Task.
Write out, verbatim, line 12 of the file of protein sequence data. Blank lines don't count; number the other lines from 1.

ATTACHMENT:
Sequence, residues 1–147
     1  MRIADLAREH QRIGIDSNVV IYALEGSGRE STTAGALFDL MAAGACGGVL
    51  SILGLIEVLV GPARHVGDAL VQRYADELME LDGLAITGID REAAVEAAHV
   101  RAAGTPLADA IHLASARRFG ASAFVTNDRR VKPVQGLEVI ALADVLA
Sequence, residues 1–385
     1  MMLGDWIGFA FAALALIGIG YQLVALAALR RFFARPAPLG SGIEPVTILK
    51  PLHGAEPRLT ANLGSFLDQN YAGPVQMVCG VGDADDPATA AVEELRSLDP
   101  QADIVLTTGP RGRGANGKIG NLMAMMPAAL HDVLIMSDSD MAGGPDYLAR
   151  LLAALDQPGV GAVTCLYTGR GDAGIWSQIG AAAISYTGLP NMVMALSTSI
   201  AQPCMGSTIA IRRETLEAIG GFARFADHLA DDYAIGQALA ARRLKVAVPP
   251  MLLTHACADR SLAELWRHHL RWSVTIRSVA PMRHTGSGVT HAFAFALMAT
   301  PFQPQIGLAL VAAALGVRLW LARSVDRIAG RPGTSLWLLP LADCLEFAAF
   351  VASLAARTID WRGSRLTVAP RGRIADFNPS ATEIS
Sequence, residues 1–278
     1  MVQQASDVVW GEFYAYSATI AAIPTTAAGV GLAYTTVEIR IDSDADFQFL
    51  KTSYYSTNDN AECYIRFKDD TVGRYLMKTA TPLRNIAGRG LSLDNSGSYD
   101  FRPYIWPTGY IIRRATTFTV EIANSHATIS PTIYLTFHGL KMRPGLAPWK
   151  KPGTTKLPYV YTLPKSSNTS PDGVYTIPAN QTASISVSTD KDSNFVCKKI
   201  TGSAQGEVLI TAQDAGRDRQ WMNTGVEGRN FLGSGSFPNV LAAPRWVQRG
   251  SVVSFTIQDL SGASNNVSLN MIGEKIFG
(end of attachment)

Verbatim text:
   301  PFQPQIGLAL VAAALGVRLW LARSVDRIAG RPGTSLWLLP LADCLEFAAF